The power of Rest(orative Yoga)

“I know you can do more, but can you do less?”

These words from my Restorative Yoga teacher, Lizzie Lasater, explain so much about the essence of this practice. So many of us are focused on self-improvement through progress we can physically measure – being better, faster, stronger (thanks, Daft Punk) – that we neglect the shadow side, the side that begs for a long exhale. If an inhale represents our active practice, Restorative Yoga is the complement: a deep breath out.

For the greater part of my life, I’ve been battling a chronic health condition that a number of years ago had reached boiling point. It was then, when I could barely do a sun salutation, that I truly discovered Restorative Yoga and all its benefits. Defined as ‘the use of props to support the body in positions of ease and comfort, to facilitate relaxation and health’ (although I like to call it ‘cloud yoga’, since you really do feel like you’re lying on a cloud), Restorative Yoga is about opening, not stretching. The pose does you, rather than vice versa.

This may sound like Restorative is a practice for the impaired: for those who physically can’t do more. But the goal is to move into parasympathetic dominance, or rest-and-digest mode – something every body needs to function at its best. Sympathetic dominance – aka fight-or-flight mode – is a remnant from our cave-dwelling ancestors, who needed to stand their ground or run for cover when faced with predators. Although we still need this instinct in emergency situations, the stresses of modern life mean that many of us live with a perpetual adrenalin rush. It’s no wonder that everyone seems to know someone suffering from issues such as burn-out. In parasympathetic dominance, however, the body can work through slower processes – things like digestion and immunity. While each pose has physical benefits – helping to reduce pain, tension and fatigue; opening and stimulating specific organs; lowering blood pressure – the practice can also offer mental clarity, calmness and decreased anxiety.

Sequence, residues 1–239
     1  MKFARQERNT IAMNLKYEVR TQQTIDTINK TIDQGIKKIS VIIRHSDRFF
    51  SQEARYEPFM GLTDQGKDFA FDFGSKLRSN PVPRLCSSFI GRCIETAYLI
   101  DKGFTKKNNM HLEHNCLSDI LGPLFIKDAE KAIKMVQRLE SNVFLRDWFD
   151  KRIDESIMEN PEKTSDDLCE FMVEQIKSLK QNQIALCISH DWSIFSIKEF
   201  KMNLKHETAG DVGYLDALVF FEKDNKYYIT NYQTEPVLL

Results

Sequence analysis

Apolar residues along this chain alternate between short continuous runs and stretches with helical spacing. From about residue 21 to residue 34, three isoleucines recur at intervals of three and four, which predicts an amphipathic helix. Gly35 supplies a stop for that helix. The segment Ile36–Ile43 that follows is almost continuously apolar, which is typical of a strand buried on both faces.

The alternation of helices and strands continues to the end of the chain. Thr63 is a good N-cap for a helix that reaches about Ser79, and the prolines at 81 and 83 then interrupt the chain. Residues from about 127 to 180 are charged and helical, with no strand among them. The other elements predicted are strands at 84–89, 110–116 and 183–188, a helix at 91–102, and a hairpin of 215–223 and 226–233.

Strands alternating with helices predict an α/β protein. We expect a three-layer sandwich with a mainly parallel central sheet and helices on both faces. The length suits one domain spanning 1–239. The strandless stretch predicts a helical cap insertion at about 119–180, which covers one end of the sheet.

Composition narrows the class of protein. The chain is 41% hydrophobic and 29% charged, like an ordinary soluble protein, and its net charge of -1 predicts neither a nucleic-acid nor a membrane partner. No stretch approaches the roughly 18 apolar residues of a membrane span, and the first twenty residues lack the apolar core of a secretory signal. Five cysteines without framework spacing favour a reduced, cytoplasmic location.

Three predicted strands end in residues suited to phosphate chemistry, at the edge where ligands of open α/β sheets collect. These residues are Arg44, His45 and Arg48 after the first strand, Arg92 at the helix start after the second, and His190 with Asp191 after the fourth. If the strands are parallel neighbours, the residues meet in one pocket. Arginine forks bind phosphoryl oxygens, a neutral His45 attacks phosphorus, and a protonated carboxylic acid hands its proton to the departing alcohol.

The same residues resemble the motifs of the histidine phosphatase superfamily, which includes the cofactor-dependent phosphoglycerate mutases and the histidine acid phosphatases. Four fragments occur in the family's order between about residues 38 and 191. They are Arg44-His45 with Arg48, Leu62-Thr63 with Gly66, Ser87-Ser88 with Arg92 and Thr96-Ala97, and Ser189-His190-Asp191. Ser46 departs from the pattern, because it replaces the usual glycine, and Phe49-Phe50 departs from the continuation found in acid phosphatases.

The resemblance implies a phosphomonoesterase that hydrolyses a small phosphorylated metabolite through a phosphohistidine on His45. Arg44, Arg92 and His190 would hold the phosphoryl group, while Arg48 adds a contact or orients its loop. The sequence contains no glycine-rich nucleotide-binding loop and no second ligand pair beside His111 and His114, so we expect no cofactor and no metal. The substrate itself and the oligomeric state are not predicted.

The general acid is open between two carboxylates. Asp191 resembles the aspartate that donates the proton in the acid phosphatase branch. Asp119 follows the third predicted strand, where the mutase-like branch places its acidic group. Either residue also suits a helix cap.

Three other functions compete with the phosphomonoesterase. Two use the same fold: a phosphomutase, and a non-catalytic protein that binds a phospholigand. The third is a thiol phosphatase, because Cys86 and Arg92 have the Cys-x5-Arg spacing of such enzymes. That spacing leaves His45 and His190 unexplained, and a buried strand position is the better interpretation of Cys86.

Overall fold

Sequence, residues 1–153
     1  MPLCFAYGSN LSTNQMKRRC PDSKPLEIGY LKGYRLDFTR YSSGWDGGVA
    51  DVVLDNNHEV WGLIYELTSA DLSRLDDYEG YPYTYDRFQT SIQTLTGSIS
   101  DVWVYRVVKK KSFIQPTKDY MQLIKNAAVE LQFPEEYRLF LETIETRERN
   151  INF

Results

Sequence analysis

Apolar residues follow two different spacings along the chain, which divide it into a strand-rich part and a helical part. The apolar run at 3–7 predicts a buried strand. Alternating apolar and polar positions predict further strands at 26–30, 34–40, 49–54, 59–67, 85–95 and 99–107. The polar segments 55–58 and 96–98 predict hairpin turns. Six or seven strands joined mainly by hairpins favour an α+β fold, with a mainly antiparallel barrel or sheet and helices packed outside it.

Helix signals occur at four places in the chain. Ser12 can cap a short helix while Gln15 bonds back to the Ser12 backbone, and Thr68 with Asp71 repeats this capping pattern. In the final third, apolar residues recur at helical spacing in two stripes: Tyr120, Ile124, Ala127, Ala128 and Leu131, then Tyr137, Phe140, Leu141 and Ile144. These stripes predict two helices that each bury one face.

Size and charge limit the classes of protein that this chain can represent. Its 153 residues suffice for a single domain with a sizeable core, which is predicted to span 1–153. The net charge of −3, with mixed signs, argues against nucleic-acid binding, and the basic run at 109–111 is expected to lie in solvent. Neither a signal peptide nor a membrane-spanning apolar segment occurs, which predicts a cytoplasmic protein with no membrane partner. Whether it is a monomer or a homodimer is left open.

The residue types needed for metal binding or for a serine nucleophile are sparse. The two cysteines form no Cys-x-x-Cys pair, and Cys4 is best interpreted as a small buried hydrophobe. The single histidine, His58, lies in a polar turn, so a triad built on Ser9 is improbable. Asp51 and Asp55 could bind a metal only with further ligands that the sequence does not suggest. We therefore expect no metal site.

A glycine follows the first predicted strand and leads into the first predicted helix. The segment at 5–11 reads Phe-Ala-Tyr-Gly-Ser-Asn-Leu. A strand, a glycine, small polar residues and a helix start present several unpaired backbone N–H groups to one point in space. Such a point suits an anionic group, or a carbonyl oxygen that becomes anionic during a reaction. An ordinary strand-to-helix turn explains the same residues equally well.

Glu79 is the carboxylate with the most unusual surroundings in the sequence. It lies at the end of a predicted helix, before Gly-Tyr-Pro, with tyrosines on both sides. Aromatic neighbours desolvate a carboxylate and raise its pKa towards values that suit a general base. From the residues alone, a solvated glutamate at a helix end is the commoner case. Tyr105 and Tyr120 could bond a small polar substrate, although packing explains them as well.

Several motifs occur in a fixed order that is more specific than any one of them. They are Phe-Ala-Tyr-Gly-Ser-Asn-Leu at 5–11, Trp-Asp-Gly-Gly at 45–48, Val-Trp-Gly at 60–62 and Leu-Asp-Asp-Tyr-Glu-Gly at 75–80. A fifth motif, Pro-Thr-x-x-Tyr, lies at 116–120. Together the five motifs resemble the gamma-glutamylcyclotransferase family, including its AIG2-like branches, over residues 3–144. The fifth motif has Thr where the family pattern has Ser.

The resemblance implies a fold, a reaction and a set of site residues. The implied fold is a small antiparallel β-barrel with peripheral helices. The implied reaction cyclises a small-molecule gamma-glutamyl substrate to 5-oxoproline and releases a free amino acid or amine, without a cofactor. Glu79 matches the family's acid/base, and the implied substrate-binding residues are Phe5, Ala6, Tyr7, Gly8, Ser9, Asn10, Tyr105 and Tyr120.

So if all you’re doing is lying around on bolsters, why can’t you just sleep instead? The difference is that Restorative Yoga is conscious rest. Your mind is still awake – though moving deeper inwards – while your body is relaxed. We may rise from a night’s sleep with aches and pains, realizing we’ve been unconsciously tensing our muscles. And in Restorative, as in meditation, we can practise becoming the neutral observer of our minds, rather than letting them wander aimlessly into a dream state.

With today’s demanding schedules, it can be hard to carve out time for a practice where it seems, from the outside, like there’s not much happening. But we all need rest, and there’s so much more going on behind the scenes than what’s immediately obvious – trust me. Or better still, find out for yourself.

I first wrote the article above for the blog of The Breathing Space, the yoga studio in Amsterdam where I teach Restorative. I’ve just returned from London after deepening my training with grandmaster Judith Hanson Lasater herself (look her up; buy her books), and one of her many pearls of wisdom was, in fact, a prescription: 20 minutes of Restorative, 6 days a week; 60 minutes on the 7th day; and for one week of every year, make 1 hour of Restorative your sole practice. She often chooses the period between Christmas and New Year as the full Restorative special.

If you’re asking, but how do I start?, then you have a few options. One is to find a class near you. See here for a list of teachers certified to teach Judith Hanson Lasater’s method of Restorative. Otherwise, start with the key posture: supported savasana. No, those five minutes you might spend flat on your mat after an active practice don’t count. Restorative savasana is very, very different. Luckily, the Lasaters have shared this handy video to guide you through the process. Now, if you’re the type of person who has a practice more like fire than like water – you roar off the mark, only to fizzle out shortly after – I’d recommend starting slower. Try once a week for the first week, two the second, and so on. I guarantee you’ll see the benefits.

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